By Andrew Neitlich

Insights into why some of you aren’t taking enough action to market your business

By Andrew Neitlich

Last week a couple of clients came to grips with the fact that they weren’t taking enough action to grow their business. They are both smart, both likeable, and both want to build an IT services firm.

Yet both admitted that they are being lazy when it comes to marketing their business.

As we pushed deeper into why, here are some of the underlying reasons for that lack of action:

– Fear of calling people and having them say no.

– Dislike for authority. As one business owner said, “I went to work for myself to avoid having a boss. Now it seems like every client is a boss, and so I have 100 bosses.”

– Difficulty getting excited about working for some of the business out there. To this person, too many businesses have questionable morals or sell something/market in a way that doesn’t fit their own values.

After some hard questions to confirm they were really cut out for self-employment, here is how we knocked out all three issues, in case you share any of those:

1. They are creating a list of local businesses they want to serve with their solutions — businesses that they can get excited about and that don’t conflict with their morals. That way, they will feel good about approaching them and talking about their IT/web sites.

2. We will role play about how to approach those businesses, so that these prospects will be more likely to talk to them. (More on this next blog, or the one after that).

3. We will do an exercise so that “no” means “no” and nothing else — and so no one will take it personally. (More on this exercise next blog).

4. They’ll focus on taking small actions every week, to develop the habit of making marketing a priority.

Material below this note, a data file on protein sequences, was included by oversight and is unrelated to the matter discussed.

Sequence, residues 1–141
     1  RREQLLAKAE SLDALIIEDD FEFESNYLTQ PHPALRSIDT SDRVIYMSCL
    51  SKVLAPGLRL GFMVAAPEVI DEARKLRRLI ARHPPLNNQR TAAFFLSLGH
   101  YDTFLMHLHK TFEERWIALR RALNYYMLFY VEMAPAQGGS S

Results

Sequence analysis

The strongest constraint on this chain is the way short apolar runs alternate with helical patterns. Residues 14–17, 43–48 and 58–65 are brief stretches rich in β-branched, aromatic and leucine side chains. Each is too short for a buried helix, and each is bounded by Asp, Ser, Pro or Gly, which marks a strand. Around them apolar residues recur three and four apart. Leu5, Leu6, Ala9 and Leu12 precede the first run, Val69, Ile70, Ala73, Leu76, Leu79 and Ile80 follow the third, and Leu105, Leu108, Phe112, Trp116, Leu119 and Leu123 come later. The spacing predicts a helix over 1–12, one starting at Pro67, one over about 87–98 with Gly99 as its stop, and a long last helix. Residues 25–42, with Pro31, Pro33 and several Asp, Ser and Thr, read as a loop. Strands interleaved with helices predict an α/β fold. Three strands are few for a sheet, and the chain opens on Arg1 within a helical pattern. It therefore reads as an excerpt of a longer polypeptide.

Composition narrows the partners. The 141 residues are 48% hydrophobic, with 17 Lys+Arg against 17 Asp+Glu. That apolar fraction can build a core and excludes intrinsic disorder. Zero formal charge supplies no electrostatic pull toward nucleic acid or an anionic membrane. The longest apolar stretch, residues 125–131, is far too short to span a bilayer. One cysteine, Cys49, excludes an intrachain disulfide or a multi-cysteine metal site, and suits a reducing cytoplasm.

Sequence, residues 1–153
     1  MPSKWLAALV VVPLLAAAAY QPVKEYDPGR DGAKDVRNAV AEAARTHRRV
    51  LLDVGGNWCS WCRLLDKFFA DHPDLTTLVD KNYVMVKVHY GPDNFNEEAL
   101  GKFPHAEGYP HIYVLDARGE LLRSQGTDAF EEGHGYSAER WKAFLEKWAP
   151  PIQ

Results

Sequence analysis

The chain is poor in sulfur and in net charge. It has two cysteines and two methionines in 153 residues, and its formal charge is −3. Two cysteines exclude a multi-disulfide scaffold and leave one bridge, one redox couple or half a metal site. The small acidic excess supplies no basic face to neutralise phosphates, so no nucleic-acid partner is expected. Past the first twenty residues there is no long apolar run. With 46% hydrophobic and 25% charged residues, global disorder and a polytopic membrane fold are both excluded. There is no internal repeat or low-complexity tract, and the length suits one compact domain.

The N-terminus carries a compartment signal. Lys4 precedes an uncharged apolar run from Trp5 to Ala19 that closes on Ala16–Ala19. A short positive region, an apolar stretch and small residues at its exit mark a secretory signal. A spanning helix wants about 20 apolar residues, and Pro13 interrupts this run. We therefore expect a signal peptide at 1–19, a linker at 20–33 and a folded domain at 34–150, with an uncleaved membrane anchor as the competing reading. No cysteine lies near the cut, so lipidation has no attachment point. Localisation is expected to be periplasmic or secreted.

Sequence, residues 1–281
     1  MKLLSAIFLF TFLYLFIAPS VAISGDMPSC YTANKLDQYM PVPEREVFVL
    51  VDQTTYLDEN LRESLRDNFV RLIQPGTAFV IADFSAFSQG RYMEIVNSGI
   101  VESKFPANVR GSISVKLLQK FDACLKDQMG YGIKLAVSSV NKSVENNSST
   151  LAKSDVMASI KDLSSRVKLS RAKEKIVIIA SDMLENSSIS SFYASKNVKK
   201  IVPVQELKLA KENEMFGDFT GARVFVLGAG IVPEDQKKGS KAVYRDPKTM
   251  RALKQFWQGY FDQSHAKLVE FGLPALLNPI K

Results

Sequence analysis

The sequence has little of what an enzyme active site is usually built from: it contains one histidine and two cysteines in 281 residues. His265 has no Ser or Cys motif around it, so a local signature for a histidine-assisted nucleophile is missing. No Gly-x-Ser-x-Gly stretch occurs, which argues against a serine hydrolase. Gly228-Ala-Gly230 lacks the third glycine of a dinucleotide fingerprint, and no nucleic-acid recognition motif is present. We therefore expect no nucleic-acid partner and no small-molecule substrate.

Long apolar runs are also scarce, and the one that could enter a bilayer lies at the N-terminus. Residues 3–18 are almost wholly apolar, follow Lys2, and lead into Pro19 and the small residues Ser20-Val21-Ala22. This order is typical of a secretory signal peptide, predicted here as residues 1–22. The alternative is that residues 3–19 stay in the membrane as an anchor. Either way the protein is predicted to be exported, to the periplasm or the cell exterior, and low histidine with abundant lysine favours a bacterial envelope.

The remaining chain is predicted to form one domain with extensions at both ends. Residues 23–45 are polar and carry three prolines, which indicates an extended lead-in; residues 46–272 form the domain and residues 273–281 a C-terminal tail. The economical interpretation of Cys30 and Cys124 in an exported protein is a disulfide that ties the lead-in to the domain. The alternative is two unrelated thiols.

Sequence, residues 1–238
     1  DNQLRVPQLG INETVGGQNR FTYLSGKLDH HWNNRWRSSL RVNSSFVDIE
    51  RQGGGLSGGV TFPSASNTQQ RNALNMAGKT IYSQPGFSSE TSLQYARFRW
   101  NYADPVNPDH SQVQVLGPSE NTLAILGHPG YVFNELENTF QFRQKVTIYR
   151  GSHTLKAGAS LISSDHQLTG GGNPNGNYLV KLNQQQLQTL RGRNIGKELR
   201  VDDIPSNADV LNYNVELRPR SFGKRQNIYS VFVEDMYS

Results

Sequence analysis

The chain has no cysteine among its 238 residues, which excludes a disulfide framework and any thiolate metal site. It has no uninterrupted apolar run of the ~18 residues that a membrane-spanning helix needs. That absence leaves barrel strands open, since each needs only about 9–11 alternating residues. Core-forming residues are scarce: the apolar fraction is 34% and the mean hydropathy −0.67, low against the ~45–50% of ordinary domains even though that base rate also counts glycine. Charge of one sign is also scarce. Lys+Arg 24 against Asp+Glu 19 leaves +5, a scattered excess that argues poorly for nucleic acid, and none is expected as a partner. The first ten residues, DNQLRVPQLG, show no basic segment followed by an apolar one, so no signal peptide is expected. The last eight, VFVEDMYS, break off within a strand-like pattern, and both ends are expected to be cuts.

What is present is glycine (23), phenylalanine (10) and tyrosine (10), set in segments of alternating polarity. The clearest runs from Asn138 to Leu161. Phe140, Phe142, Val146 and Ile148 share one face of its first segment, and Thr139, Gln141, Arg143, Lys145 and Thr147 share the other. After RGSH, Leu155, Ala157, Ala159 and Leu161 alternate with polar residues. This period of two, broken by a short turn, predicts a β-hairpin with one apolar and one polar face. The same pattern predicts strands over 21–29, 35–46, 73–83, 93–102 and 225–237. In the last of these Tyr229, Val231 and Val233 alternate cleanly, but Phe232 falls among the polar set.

It is easy to reply to this blog in a way that lacks compassion for the above issues. Personally, I’m always surprised by how many people start their own business to get away from “the boss” only to find that self-employment is a much harder road; after all, when you are on your own there’s no one left to blame when things don’t work out, and you really do get multiple bosses.

But these issues are fairly common. Rather than criticize these folks — especially when they are confronting their issues honestly — look at your own situation and ask what specific steps you can take to do what it takes to market your business effectively.

  • One way of taking a ‘no’ that I find valuable is to see it as ‘not now’, rather than ‘never’
    Works for me :)

  • however, when the ‘no’ really means ‘never’, it’s misleading to wrap it up as a ‘not now’ (at least in the long term)…

  • cholmon

    I would fall into the category of people who think they are cut out for self-employment, but after giving it a shot, discover they are not. I spent about 2 years with a friend of mine trying to get a web development shop off the ground. We both had the technical talent and desire, but my biggest headache was exactly what Andrew is talking about: marketing. I had no desire to get out in front of people to try to sell our services. I basically just wanted to be a complete code-monkey, but it took me awhile to realize the my mentality would be much more compatible with a company that was already established, where I could focus the vast majority of my energy on what I really wanted to be doing. I think the lure of freedom and the potential for a big payoff can blind people like me, especially when we lack the experience to truly understand everything that goes into making a business really work.

  • I have some of the same thoughts as I start up my biz. One more issue that I have is how to approach small businesses with proposals knowing that they do not understand the value of the services offered.

  • sspivey

    I am in that spot right now. I have 5 ideas aznd partially developed projects that have been identified as having defined markets that will purchase. My issue is that, although I have been in sales in a past life, it’s not how I want to spend my time. What I need is to outsource the selling.